Academic journal article Journal of Business and Entrepreneurship

Entrepreneurial Intentions of Accounting Students

Academic journal article Journal of Business and Entrepreneurship

Entrepreneurial Intentions of Accounting Students

Article excerpt

INTRODUCTION

The growth and development of small businesses is important for many regions or countries as such activity represents the generation of additional commercial activity. In some places, absolute growth in economic activity results from establishment of small businesses. Interest in the creation of small businesses has led to exploration of how and why individuals self-select to start a business. The topic of one's intention to become an entrepreneur has received considerable attention in the literature of entrepreneurship. The subject is normally referred to as entrepreneurial intention and in recent years several research articles have appeared that address the intention from various points of view to include gender, age, culture, work experience, and others (see, for example, Cha and Bae, (2010). Nearly all of the relevant research is found in the entrepreneur literature.

While some attention has been given to entrepreneurial intention on the part of high school and college students, little attention has been afforded to studying the intentions of college students in specific disciplines. Studies have included samples of students from programs in commerce or business administration, yet there has been practically no research into the intentions of students enrolled in a specific discipline. The present study aims to study the entrepreneurial intentions of students of accounting to extend what is known about intentions of college students.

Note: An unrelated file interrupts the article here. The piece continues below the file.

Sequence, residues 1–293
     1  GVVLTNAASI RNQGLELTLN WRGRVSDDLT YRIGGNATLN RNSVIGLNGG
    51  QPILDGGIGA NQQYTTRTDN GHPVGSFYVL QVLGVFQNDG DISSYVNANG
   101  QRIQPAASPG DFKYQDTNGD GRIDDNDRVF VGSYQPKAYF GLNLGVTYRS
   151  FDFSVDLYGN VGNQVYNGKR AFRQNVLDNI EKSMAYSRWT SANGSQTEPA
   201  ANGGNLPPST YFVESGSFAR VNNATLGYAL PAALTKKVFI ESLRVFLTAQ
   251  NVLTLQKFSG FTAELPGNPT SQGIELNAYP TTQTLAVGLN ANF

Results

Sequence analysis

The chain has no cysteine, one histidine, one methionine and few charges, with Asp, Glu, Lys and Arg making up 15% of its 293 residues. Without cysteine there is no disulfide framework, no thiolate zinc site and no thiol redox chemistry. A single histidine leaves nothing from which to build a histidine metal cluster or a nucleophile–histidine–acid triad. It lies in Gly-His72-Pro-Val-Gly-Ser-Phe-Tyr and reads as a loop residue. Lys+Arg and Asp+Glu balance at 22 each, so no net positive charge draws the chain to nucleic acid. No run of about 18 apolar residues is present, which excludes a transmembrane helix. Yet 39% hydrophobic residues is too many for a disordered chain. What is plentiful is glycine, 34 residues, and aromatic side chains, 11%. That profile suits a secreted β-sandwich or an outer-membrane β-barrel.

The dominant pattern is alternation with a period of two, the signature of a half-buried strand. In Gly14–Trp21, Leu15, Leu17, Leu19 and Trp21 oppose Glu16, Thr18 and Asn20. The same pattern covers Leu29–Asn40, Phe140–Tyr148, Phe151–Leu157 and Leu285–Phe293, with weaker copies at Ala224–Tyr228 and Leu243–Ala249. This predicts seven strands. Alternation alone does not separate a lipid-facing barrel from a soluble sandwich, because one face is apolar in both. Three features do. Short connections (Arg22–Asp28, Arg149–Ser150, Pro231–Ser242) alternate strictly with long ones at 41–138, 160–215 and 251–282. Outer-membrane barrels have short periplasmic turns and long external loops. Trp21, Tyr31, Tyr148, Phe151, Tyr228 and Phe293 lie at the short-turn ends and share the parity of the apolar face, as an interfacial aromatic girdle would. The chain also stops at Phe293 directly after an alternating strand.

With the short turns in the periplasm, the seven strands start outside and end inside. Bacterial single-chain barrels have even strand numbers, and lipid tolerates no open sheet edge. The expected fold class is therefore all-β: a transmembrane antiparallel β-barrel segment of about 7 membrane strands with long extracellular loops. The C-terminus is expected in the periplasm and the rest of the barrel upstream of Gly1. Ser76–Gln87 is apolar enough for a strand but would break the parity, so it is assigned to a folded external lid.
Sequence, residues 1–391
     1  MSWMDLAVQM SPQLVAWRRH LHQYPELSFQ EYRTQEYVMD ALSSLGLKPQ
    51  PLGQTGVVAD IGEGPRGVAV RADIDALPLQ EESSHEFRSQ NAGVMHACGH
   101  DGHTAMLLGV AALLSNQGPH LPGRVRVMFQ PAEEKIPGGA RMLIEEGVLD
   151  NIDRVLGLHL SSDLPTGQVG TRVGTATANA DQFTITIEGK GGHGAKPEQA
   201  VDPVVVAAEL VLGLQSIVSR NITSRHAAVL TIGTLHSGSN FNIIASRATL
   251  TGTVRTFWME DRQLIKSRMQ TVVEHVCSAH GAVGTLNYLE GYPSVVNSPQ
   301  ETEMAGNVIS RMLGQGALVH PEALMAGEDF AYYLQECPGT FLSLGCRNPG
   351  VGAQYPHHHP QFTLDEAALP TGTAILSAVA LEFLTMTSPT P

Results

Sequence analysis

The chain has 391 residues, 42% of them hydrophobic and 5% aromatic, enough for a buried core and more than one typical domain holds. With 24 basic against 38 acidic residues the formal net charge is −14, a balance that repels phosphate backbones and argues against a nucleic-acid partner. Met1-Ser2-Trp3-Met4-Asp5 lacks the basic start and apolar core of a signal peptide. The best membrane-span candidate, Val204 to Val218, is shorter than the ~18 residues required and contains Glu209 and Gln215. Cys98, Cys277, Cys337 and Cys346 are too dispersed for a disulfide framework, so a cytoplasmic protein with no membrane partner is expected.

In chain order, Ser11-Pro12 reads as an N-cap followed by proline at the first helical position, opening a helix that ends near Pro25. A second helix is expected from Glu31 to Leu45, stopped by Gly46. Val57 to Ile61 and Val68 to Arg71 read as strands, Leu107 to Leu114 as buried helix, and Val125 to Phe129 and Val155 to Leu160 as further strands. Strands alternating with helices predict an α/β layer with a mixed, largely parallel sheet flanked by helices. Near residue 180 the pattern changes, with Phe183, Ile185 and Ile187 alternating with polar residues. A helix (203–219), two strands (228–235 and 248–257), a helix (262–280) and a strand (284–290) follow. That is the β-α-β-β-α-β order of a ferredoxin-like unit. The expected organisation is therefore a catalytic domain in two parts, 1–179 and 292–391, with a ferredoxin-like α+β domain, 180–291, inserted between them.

Another aim of the present study is to examine one of the researchgrounded antecedents of entrepreneurial intention: perceived self-efficacy. Some of the literature aimed at one's intention to start a business has found moderate to strong relationships between perceived self-efficacy and entrepreneurial intention. We want to examine this particular relationship with a sample of accounting students and we want to broaden the focus on self-efficacy by studying the variables of core self-evaluation, job dedication, and grade-pointaverage (GPA) in relation to entrepreneurial intention. Core self-evaluation (CSE) as a construct and measure includes self-efficacy, however CSE is a broad and unified concept which has been shown to be strongly and positively related to work performance. Job dedication as an attitudinal measure has been shown to be a useful predictor of success on the job as well as a predictor of contextual, helpful performance on the job. Overall student GPA has been shown to be a reliable predictor of performance on the job.

In sum, the foci of the present study are examination of: (1) the entrepreneurial intentions of a group of accounting students, as well as (2) variables that heretofore have been shown to be positively related to entrepreneurial intention and/or performance on the job. Combining research on intentions with self-perceptions and links to performance correlates should extend the theory-grounding of entrepreneurial intentions. Findings should add to what is known about entrepreneurial intention as well as to add to understanding of antecedent variables. The following sections of this paper present a review of literature relevant to the topics under study, the explanation of research methodology and questions, study results, discussion and conclusions.

BACKGROUND AND REVIEW OF LITERATURE

An entrepreneur is one who starts his or her own business. The individual is normally regarded as being self-employed and the terms, "entrepreneur' and "self-employed" are often used inter-changeably. In the U.S. more than 96 per cent of all businesses are small firms with 500 or fewer employees; many with less than 20 employees (Nunn and Ehlen, 2001). Many firms are led by an entrepreneur or sole proprietor. The U.S. Small Business Administration (2015) identifies significant growth in the number of sole proprietorships. Interest in starting a new business is generally high.

Nabi, Holden & Walmsley, (2010) report that in the U. …

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